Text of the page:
The Racquetball Trigger
In sports the thing that matters most is how an individual or team finish in the final stretch of the game. It's a bit different for racquetball as the opening salvo of competitors can really dictate the quality and outcome of the game. Service is vital in this sport as it influences the attack of the player and his chances of achieving a point.
Throughout the evolution of the game enthusiasts have come up with varying forms and styles of serving the ball nevertheless there are two basic types. These are offensive and defensive. The offensive serve is commonly utilized during the first serve while the defensive type is performed more often during the second serve.
The drive is the more common form of offensive serve. The player that utilizes such technique aims to dish out the ball as low and fast as possible en route to striking either back corner. Then the ball must bounce twice before hitting either side wall or the back wall. Once the drive has become predictable the player may reach down his pocket and bring out several jam serves in his arsenal.
A jam serve is made in an attempt to catch the opponent sleeping by employing difficult angles in order to deliver the ball in areas of the court that are not usually maximized. The Z-serve tops the list of jam serves wherein a hit targets the front wall close to a side wall. This method allows the ball to bounce off the side wall in swift motion then onto the floor before ending up around 30 to 35 feet off the opposite side wall. The service spin is very critical in building up its unpredictability and difficulty to return. One good example is a side spin which may result into the ball bouncing parallel to the back wall.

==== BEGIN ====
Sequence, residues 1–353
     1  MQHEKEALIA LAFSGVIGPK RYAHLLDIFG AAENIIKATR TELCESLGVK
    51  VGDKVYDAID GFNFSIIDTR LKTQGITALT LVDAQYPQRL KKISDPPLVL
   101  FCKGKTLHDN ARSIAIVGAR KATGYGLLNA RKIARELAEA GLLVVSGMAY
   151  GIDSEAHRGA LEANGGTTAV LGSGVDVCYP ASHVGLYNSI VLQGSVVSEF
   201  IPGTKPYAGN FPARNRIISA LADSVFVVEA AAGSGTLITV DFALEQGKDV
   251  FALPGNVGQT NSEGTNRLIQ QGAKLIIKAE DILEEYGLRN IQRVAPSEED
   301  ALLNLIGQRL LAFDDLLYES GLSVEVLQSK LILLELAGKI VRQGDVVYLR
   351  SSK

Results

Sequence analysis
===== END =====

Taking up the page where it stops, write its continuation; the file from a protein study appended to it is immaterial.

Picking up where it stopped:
Another service variation is the pinch serve which has a similarity with the drive serve. However, the ball nails the side wall in a lower orientation close to the serving box. When the player tunes up the proper spin the service lead to little ball bounce thus return becomes difficult. There can even be a case wherein a successfully executed service may end up striking the side wall before the service line and then the ball would end up hitting the court area after the service line.
Whenever a player misses out on the first try a defensive serve comes into the picture. These serves do not aspire for flashy aces but emphasis is given on causing a weak return thereby giving the offensive player a higher chance to score. The common mark of defensive serves is the lobbing technique.
Racquetball is all about deception. The lob variations of the defensive serve are utilized in order to place the opponent in situations that would render him unable to set up an effective return. The plain lob serve provides the other player with very little area to work out a good solid response. A junk lob is performed in order to situate the landing of the ball close to the side wall in between the dotted line and back wall. It deceives the opponent into thinking that the server has laid up an easy return but in reality the server is getting ready to stack up a powerful shot.